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Document Max. Freq Min. Freq
Harper's Encyclopedia of United States History (ed. Benson Lossing) 194 194 Browse Search
Lucius R. Paige, History of Cambridge, Massachusetts, 1630-1877, with a genealogical register 46 46 Browse Search
Knight's Mechanical Encyclopedia (ed. Knight) 14 14 Browse Search
Benjamin Cutter, William R. Cutter, History of the town of Arlington, Massachusetts, ormerly the second precinct in Cambridge, or District of Menotomy, afterward the town of West Cambridge. 1635-1879 with a genealogical register of the inhabitants of the precinct. 13 13 Browse Search
Francis Jackson Garrison, William Lloyd Garrison, 1805-1879; the story of his life told by his children: volume 2 8 8 Browse Search
Edward L. Pierce, Memoir and letters of Charles Sumner: volume 2 8 8 Browse Search
Cambridge History of American Literature: volume 2 (ed. Trent, William Peterfield, 1862-1939., Erskine, John, 1879-1951., Sherman, Stuart Pratt, 1881-1926., Van Doren, Carl, 1885-1950.) 7 7 Browse Search
Edward L. Pierce, Memoir and letters of Charles Sumner: volume 1 7 7 Browse Search
Cambridge History of American Literature: volume 3 (ed. Trent, William Peterfield, 1862-1939., Erskine, John, 1879-1951., Sherman, Stuart Pratt, 1881-1926., Van Doren, Carl, 1885-1950.) 6 6 Browse Search
Cambridge History of American Literature: volume 1, Colonial and Revolutionary Literature: Early National Literature: Part I (ed. Trent, William Peterfield, 1862-1939., Erskine, John, 1879-1951., Sherman, Stuart Pratt, 1881-1926., Van Doren, Carl, 1885-1950.) 6 6 Browse Search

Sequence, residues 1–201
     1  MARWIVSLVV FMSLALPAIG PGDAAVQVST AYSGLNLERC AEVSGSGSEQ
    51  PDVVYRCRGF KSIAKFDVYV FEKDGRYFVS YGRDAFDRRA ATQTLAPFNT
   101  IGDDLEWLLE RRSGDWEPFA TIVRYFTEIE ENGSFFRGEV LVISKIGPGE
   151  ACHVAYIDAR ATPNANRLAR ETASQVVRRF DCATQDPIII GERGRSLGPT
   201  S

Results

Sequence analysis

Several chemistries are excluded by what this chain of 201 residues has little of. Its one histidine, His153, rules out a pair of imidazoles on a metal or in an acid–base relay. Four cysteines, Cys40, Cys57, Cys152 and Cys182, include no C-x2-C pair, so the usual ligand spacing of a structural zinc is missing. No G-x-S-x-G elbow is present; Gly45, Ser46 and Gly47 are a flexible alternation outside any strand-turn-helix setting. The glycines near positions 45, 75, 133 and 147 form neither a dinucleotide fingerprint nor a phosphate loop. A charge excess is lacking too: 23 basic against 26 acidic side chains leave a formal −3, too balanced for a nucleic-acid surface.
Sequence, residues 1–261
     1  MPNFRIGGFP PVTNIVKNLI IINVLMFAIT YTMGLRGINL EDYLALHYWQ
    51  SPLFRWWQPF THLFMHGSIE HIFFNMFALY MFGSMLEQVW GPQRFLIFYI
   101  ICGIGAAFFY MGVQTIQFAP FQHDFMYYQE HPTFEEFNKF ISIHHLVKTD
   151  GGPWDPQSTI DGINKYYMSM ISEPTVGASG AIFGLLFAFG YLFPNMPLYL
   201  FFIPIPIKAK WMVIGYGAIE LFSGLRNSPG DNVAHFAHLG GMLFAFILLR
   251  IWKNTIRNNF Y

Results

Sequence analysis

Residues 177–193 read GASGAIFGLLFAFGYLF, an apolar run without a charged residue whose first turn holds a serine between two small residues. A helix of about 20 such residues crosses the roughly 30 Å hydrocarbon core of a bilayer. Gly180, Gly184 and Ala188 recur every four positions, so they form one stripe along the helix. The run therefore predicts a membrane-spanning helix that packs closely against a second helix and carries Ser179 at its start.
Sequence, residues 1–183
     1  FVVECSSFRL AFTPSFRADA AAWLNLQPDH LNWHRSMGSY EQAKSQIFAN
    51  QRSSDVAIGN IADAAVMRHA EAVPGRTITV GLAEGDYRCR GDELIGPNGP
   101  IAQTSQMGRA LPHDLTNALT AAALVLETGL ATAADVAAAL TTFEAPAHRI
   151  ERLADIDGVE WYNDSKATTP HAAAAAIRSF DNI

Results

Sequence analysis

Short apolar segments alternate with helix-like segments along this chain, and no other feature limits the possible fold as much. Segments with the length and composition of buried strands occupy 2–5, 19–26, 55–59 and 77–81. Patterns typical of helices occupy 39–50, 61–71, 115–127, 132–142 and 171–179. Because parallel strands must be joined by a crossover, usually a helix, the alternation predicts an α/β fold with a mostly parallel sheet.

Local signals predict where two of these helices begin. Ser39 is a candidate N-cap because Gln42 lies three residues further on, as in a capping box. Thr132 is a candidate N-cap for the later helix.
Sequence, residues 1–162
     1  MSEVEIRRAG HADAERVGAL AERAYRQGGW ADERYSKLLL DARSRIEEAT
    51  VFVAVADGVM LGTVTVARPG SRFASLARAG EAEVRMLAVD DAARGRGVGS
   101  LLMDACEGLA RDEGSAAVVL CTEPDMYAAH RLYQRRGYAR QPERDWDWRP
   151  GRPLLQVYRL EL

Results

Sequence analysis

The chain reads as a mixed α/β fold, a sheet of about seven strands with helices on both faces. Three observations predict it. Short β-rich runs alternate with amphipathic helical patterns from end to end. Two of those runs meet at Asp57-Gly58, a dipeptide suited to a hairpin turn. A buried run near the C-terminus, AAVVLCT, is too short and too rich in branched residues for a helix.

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Browsing named entities in Medford Historical Society Papers, Volume 6.. You can also browse the collection for 1783 AD or search for 1783 AD in all documents.

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Medford Historical Society Papers, Volume 6., The Lawrence Light Guard.—Continued. (search)
ildren comprised the family. Richard Tufts' wheelwright shop was in the rear. They afterward lived at the corner of Salem and Fulton streets. Opposite the Gregg estate, on the east side of Main street, next to the river, was the blacksmith shop of Nathan W. Wait, which, strangely enough, was about the only building in the neighborhood which was not consumed on the memorable night of November 2, 1850. Mr. Wait succeeded his father, Nathan Wait, who started the business on the same spot in 1783. The property remained in the family until taken by the Metropolitan Park Commission, in 1901. Mr. Wait's dwelling house was next south of his shop. He went into it in 1826. After it was burned, he built the house now standing on the site. The next building was occupied by William S. Barker grocer, and Leonard Johnson, dealer in grain and meal on the lower floor. James Hyde, painter, occupied the second floor. There were two long oat troughs at the side of the street for feeding h